As a FERS Disability Retirement retiree, will I have to pay Federal income taxes?

Yes.  OPM Disability Retirement income is taxable in the United States and its territories.

Will I be able to keep my subsidized health and dental insurance?

Federal Employee Health Benefits (FEHB)
Federal Employee Health Benefits (FEHB)

Yes.  However, there might be some slight variations about what insurance companies are available and how much they will charge you.  An advantage of receiving a subsidized FERS health insurance is that if you move overseas, some companies like Blue Cross/Blue Shield (no promotion intended) will allow you to use your medical insurance in other countries.  This is in contrast to the benefits offered by the SSA in that if you choose to have Medicare, you won’t be able use that form of medical insurance outside the United States and its territories.

Can I work or start my own small business if I receive OPM Disability Retirement?

Yes.  This is a case in which Federal Disability Retirement benefits differs with Federal Workers Comp.  However, your new job must be outside the Federal Government sector.  Also, keep in mind that if your earned income is more than 80% of what your former Federal position currently pays, you can lose your OPM Disability Retirement benefits for the year following the year you exceeded the 80% limit.  If this happens, chances are that you will no longer qualify for regular retirement when you turn 62 years old.  Thus, be careful with your future earned income.  Most forms of “passive” income, however, do not count towards the 80% threshold.

Federal & Postal Disability Retirement: A Reflection of Life’s Changes


Stress after a medical condition in the Federal workplace

Filing for Federal Disability Retirement through one’s agency, and ultimately with the U.S. Office of Personnel Management, whether the Federal employee or the U.S. Postal Worker is under FER, CSRS or CSRS-Offset, is both a reflection of life’s inevitable vicissitudes, as well as a timed indicator for needed change.  It can be considered as one of life’s major traumas, as it combines a compendium of a tripartite composite: A medical condition; impact upon a significant component of one’s life — that of one’s employment, career and vocation, which one worked so hard to achieve; and a necessary alteration of employment leading to financial instability, downsizing and economic turmoil.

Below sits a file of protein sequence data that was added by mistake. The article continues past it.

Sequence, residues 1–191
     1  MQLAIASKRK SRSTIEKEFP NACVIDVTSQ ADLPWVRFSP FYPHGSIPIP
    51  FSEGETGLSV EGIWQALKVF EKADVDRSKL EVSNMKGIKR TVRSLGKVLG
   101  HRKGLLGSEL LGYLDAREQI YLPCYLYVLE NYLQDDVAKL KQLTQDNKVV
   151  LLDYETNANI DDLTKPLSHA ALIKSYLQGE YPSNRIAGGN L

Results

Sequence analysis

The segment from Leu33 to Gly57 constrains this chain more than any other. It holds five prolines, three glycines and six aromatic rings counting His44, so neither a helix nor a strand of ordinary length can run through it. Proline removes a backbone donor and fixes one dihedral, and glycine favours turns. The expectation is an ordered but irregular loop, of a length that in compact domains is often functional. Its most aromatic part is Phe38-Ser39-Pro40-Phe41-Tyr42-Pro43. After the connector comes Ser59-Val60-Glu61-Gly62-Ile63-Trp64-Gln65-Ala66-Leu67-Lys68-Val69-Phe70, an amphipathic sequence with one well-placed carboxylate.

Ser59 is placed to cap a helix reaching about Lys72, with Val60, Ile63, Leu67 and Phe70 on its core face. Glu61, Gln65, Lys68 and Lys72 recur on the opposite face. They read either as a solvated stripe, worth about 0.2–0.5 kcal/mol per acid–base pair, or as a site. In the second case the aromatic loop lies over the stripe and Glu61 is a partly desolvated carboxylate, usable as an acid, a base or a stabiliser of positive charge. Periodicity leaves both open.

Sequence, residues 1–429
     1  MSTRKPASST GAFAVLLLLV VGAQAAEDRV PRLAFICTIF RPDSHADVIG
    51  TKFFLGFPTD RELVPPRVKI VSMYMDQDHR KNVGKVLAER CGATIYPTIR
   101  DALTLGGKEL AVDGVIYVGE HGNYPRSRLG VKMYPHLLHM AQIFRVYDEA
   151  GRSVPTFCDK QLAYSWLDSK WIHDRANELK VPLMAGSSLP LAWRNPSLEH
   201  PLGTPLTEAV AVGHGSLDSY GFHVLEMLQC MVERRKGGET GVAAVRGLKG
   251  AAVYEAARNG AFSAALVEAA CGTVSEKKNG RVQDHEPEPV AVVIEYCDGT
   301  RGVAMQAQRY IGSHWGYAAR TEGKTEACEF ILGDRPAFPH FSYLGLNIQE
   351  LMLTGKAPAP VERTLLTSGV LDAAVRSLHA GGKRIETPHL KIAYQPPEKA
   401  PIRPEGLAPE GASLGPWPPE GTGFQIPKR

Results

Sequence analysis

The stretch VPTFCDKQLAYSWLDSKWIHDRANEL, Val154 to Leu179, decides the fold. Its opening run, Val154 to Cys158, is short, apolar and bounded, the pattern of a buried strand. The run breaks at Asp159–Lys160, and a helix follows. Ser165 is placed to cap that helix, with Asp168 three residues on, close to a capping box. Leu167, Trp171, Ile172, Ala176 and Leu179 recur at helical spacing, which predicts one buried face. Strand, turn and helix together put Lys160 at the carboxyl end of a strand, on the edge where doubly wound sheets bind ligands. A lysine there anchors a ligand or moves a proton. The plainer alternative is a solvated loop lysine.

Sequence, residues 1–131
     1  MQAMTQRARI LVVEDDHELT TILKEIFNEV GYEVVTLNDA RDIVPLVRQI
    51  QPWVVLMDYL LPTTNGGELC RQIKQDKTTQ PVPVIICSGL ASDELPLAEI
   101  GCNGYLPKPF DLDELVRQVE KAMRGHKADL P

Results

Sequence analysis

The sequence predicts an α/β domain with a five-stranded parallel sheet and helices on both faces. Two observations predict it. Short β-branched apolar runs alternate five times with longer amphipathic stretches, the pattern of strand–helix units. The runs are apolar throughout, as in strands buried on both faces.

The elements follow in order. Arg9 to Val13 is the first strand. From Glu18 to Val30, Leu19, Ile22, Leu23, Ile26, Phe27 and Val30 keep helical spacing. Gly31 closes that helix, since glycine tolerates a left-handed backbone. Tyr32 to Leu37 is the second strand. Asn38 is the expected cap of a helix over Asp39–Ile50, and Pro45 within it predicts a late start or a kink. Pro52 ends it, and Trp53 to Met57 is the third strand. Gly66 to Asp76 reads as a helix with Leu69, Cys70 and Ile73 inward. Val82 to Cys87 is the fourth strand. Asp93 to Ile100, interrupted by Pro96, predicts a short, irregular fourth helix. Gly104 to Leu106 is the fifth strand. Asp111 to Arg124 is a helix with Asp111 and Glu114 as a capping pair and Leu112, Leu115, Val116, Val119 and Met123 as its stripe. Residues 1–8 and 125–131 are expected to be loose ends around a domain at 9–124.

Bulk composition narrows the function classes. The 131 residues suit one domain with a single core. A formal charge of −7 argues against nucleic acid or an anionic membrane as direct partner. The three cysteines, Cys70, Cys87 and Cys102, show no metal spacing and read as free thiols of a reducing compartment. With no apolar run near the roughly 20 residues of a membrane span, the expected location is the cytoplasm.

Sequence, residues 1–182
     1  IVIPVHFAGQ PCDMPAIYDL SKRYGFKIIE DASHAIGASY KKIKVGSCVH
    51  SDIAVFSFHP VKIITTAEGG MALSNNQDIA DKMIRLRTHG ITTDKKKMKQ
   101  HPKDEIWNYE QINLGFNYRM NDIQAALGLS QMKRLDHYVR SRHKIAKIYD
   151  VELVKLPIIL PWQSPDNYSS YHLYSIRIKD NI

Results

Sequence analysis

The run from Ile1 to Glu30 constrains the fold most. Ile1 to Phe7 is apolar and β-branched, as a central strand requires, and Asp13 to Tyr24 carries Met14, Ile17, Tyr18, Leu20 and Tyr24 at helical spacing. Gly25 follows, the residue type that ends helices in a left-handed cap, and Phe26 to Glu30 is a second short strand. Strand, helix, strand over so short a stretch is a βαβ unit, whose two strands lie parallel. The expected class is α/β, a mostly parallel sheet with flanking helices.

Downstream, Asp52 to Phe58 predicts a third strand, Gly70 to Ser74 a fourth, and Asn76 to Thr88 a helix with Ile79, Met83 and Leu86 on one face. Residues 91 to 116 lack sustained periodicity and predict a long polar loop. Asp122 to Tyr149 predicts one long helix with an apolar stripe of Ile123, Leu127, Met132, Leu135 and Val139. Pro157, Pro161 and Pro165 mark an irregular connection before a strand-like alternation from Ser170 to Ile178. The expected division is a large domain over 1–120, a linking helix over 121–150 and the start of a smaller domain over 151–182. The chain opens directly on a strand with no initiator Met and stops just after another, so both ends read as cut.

Stress becomes an inherent part of the entire administrative process in filing for Federal or Postal Disability Retirement benefits.  It is a time when stress is least tolerable, because of the impact of the medical condition upon one’s life and capacity to work; and yet, it seems that the unavoidable adage of old can never be averted: When it rains, it must by necessity pour.

In a distant, hypothetical manner of thinking, one expects that as one grows older, medical conditions will begin to impact one’s capacity and capabilities, both physically and in cognitively dysfunctional ways.  But there are many Federal and Postal employees who find that a medical condition impacts one’s ability to perform one or more of the essential elements of one’s job, when one is merely in their 30s or 40s.  Stressful careers have a tendency to take their pound of flesh.  From Law Enforcement positions, to cognitive-intensive duties required of Budget Analysts, Revenue Agents, IT Specialists; to FAA Air Traffic Control Specialists; to the constant and repetitive physical work required of Letter Carriers, Distribution Clerks and Supervisors and Postmasters; the level of stress, both physically and mentally, placed upon Federal and Postal workers who have been asked to do more with less in this continuum of a slowed economy beset with a pubic which mistakenly believes that Federal and Postal workers are overpaid and underworked; the resultant consequential impact is the exponential rise in progressively deteriorating disabilities which call for the necessity of filing for Federal Disability Retirement benefits through the U.S. Office of Personnel Management, whether the disabled Federal employee or the injured Postal worker is under FERS, CSRS or CSRS Offset.

Percentage of Federal Disability Retirement approval:  Do you even have a case?

Like the praying mantis whose bright green sheen in early spring metamorphosing into the brown of mortal prefacing, the writing is on the wall for the Federal employee or the U.S. Postal Service worker as to what forebodes for the future.  One is often asked in the initial telephone consultation as to whether a case is “viable” or of ascribing with reasonable accuracy the percentage chances in winning a Federal or Postal Disability Retirement case with the U.S. Office of Personnel Management.  But in the very question is presupposed the implicit answer, and the unavoidable starkness of truth — again, no more and no less obvious, than the changing colors of the praying mantis:  What choice does one have?  You can either: stay the course; resign and walk away with nothing; or file for Federal or Postal Disability Retirement benefits through the U.S. Office of Personnel Management.